This should come as no surprise. As I recently discussed in my Attachment Disorder studies, it was discovered that people with BPD tend to react significantly to negative experiences, but do not have a correspondingly intense reaction to positive experience. Where negative situations are experienced there is a heightened negative response. Where a positive situation is experienced, there’s almost no reaction change or response. That’s what we know now, however the conclusion of this study is….

The findings suggest that either people with borderline personality disorder are not persuaded by rewards of money in the same ways as healthy people, or that they do not regard low investment offers as a violation of social norms.

It does appear true that we are not persuaded by rewards as “healthy” people are. However, regarding low investment as a violation of social norm has nothing to do with anything. Social norms have nothing to do with our issues. The issue is a matter of attachment and heightened sensitivity to negative situations.

The researchers also found that people with borderline personality disorder reported lower levels of trust in general, compared with healthy participants. In other words, untrustworthy behavior by the investors would not be seen as a violation of social norms because the participants with borderline personality disorder had less trust in their partners to begin with.

Lower levels of trust in general. Shocking!?! People with Borderline Personality Disorder often have a history of trauma and abuse. We’re hypersensitive to the potential for future trauma and abuse and come complete with a built in developmental defense mechanisms to protect us from such. This isn’t a matter of not registering the violation of social norms. It’s a matter of self-preservation. 

Using concepts from game theory, this study offers a new way of studying and understanding interpersonal relationships and mental illnesses that impair social interactions.

My conclusion: Using game theory to study Borderline Personality Disorder makes zero sense. We do not typically act in socially predictable ways, and in the end we will always act for self-preservation…. In situations where we are dealing with complete strangers that we could have no chance of developing any kind of trusting relationship with. Who trusts a complete stranger? The whole premise is flawed if you ask me.

In addition to NIMH, the researchers also received funding from the Child and Family Program at the Menninger Clinic, National Institute of Neurological Disorders and Stroke (NINDS), and National Institute on Drug Abuse (NIDA).

Left: In healthy participants, brain imaging scans show activity in the bilateral anterior insula in response to the amount of offers in an investment-style game. The graph shows an inverse relationship between insula activity and investment amount—high levels of activity in response to low offers, perceived by this brain region as unfair; decreasing response as the investment offer increases.
Right: In participants with borderline personality disorder, activity in the bilateral anterior insula does not have a direct relationship with investment amounts.

Probably because we don’t trust strangers and don’t expect anything good to begin with so high or low the investment amounts don’t mean much. It’s been my experience that I need an emotional investment in something for it really get to me. Relationships, being on time, performing well at work… these things might get a response from me. Pretend investments depending on trust between myself and a complete stranger? Not so much. I think the whole premise is flawed. Game theory doesn’t work for us. Our personal investment and emotional history in the other person determines how we interact with them. If there’s no personal investment, there’s not much of a game.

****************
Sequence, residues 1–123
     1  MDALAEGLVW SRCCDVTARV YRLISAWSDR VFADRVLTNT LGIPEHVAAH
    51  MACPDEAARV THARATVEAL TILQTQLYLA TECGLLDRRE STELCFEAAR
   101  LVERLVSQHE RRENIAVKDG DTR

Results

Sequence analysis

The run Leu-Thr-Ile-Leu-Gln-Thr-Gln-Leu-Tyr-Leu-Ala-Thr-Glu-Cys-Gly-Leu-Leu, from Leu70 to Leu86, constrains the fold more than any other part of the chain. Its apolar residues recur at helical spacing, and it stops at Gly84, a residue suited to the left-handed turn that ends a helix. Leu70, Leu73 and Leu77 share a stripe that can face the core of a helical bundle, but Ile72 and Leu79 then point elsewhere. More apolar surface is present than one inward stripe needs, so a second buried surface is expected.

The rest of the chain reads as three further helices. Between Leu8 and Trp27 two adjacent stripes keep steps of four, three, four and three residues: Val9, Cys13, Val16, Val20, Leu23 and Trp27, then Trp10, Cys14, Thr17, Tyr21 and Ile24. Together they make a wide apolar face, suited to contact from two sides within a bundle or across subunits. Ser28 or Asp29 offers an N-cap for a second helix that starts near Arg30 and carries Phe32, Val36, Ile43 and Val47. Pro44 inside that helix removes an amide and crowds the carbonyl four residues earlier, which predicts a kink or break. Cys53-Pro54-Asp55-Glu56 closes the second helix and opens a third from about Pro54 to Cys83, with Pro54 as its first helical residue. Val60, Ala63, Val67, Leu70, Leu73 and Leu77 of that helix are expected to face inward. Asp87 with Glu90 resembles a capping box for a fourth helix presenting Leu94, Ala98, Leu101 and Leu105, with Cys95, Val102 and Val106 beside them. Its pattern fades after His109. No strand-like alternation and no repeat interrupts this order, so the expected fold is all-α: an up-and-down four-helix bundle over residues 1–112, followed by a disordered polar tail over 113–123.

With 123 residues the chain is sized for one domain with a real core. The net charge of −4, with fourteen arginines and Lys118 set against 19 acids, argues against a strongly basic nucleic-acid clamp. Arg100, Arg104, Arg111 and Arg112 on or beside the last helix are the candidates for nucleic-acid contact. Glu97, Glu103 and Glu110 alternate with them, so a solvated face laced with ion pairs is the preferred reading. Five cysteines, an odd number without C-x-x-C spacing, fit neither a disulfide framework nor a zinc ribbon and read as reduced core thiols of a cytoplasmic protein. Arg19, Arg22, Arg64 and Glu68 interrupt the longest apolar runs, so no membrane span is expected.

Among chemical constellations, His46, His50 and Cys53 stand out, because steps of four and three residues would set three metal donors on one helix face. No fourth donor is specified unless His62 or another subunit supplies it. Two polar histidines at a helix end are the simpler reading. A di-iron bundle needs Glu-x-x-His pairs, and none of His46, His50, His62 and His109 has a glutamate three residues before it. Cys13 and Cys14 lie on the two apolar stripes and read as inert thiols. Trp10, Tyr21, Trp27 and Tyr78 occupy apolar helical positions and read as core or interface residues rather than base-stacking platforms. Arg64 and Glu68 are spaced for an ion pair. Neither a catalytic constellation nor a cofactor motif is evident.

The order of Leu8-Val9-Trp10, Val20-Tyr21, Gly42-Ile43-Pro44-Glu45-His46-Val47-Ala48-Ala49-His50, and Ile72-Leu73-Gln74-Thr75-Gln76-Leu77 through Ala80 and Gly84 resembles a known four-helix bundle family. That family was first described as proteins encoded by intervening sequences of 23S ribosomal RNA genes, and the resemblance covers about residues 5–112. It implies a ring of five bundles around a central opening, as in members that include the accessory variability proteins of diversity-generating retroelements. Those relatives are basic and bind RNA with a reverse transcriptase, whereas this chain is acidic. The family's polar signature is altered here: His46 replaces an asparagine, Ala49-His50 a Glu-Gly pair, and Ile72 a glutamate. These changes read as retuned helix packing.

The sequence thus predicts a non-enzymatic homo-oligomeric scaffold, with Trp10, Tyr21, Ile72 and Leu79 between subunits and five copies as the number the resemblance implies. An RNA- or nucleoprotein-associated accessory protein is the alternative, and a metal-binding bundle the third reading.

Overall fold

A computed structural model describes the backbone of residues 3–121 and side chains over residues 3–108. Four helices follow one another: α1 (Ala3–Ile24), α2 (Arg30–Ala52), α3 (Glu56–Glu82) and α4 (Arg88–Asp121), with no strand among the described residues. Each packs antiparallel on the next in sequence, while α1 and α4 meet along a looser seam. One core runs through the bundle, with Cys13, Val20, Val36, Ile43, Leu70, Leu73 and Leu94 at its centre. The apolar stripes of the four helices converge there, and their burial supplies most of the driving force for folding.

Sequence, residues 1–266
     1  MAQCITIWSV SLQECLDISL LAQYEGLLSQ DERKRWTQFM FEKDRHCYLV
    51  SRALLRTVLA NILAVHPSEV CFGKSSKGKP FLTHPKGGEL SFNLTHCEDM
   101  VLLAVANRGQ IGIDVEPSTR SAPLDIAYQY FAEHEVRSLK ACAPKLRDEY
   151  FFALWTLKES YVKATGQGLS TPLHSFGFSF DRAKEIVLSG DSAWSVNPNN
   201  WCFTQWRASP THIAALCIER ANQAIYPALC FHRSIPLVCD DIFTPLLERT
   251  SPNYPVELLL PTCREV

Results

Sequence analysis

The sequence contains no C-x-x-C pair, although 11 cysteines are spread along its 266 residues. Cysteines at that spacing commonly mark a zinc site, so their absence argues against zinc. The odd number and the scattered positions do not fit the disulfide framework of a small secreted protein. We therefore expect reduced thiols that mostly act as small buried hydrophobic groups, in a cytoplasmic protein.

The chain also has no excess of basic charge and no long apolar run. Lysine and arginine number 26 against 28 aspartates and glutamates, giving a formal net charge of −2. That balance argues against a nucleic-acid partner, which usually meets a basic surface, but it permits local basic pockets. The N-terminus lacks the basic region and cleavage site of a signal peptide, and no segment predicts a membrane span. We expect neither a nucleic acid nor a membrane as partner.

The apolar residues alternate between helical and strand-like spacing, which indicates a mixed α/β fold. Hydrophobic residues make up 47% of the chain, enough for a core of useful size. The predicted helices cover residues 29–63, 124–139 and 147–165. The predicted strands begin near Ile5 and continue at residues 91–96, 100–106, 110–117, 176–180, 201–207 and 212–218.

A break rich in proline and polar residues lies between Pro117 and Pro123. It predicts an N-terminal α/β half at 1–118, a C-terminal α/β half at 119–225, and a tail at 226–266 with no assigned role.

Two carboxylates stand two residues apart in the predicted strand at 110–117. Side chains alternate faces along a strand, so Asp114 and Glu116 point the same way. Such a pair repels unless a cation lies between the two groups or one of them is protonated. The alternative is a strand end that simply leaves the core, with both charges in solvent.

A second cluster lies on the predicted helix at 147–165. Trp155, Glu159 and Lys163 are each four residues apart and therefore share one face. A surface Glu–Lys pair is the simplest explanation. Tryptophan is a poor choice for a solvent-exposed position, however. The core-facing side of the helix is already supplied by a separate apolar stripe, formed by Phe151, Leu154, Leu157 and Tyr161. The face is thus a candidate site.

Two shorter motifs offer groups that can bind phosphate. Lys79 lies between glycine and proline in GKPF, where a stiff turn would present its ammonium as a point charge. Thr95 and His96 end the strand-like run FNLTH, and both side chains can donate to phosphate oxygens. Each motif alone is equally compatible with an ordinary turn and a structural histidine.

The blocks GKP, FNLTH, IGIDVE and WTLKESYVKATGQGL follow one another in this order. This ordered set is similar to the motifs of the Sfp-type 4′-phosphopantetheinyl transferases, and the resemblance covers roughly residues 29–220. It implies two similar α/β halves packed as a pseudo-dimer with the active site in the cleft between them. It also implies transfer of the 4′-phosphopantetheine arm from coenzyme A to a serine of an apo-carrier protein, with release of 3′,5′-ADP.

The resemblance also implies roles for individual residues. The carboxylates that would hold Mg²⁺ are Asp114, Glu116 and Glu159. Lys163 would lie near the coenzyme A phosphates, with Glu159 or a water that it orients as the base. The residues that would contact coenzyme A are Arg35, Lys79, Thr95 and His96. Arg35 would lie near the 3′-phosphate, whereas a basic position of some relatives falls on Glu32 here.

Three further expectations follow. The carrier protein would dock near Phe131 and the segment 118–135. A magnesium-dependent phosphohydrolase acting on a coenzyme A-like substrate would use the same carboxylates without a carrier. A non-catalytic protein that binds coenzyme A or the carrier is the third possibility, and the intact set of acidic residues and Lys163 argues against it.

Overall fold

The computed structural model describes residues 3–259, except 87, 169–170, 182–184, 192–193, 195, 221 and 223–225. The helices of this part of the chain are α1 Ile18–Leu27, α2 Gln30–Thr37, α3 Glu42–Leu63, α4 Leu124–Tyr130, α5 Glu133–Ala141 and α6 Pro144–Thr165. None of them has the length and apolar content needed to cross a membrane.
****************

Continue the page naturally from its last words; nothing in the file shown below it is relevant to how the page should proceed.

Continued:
King-Casas B, Sharp C, Lomax-Bream L, Lohrenz T, Fonagy P, Montague PR. The Rupture and Repair of Cooperation in Borderline Personality Disorder. Science. 2008 Aug 8;321(5890):806-10.
1 Lenzenweger MF, Lane MC, Loranger AW, Kessler RC.DSM-IV personality disorders in the National Comorbidity Survey Replication. Biol Psychiatry. 2007 Sep 15;62(6):553-64.

So why did I go through all of this if I’m just going to argue with the whole thing? Well, besides the fact that I just like to argue, I think it’s interesting on many levels that have very little to do with the subject of the research.
It shows how little was understood about BPD even just a few years ago. It also gives a glimpse into where some of the social stigma comes from. It was assumed that people with BPD had a disregard for social norms to explain why we were so “difficult”. Which contributes to the idea that perhaps we’re just not trying hard enough to “be normal” making our BPD our own fault. Which we now know is a different case entirely.
Just 5 years ago, researchers were looking at Borderline Personality Disorder from a perspective of social norms. Studies like this that measure neurological responses began to note the biological differences in neuro-functioning of the BPD brain.  I’m not sure if this was one of the first studies to do neuro-imaging for Borderline Personality Disorder or not, but the more imaging that was done, the more apparent it became that our brain functioning was different.

This article demonstrates just how far research has come in a handful of years. That, I find heartening. The material in this particular article may be outdated and a little ludicrous, but it was accepted at the time. Now, we know that this is outdated research and where potential issues actually lie. Comprehensive and accurate research is progressing by leaps and bounds. Accurate research leads to more accurate diagnosis, treatment, and healing.

Personally I think it’s neat to see how much progress is being made and that signs point towards better understanding and greater hope for healing.  

1 comment:

  1. Definitely missed you, very glad you are back x